The Bishop was stunned. "But, my good man, you have no arms."
"No matter," the man said, "Observe!" as he rushed to the carillon and started striking the bells with his face. He played beautifully, stepping quickly from one bell to another when he suddenly tripped over something and fell out of the tower to his death on the street below.
The bishop rushed downstairs, and the cluster of people parted to let him reach the dead man's side. As the bishop bent over his crumpled body to bless it, an onlooker asked, "Bishop, who is this dead man?"
"I don't know his name," he said sadly, "But his face rings a bell."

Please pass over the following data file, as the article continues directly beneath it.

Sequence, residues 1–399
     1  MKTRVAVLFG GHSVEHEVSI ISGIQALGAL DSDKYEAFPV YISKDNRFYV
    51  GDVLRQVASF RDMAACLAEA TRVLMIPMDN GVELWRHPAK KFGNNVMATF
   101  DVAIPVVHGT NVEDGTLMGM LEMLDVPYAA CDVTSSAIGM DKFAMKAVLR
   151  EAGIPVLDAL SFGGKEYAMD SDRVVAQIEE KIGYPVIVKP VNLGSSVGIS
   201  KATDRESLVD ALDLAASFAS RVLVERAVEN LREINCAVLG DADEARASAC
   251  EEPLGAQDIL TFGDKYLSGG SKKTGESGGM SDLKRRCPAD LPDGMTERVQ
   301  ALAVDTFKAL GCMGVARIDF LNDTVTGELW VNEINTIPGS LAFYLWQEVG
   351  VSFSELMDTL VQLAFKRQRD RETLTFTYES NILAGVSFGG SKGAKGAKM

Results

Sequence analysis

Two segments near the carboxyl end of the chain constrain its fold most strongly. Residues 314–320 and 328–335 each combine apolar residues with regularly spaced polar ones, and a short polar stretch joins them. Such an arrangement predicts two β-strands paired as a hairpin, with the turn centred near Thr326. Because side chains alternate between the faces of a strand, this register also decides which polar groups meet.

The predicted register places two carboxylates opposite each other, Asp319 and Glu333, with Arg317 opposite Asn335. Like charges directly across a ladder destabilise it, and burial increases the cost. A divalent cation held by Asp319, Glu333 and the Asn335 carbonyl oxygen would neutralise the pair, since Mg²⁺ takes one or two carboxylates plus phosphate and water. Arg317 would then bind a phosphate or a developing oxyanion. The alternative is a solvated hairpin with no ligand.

The next day, the bishop resumed his auditioning of bell ringers, and the first applicant said, "Your Grace, I am the twin brother of the poor, armless wretch who fell from your belfry to his death yesterday. I would be honored to be your bell ringer in his memory."
The bishop welcomed him to audition, and the twin went over to pick up the mallet used to strike the bells. As he bent over, he groaned suddenly, clutched his chest, and fell to the floor dead. The monks below heard the bishop's cry of grief and rushed up to the belfry, bursting upon the tragic scene. One of them asked, "Your Grace, who is this dead man?"
"I don't know his name," the bishop said sadly, "But he's a dead ringer for his brother."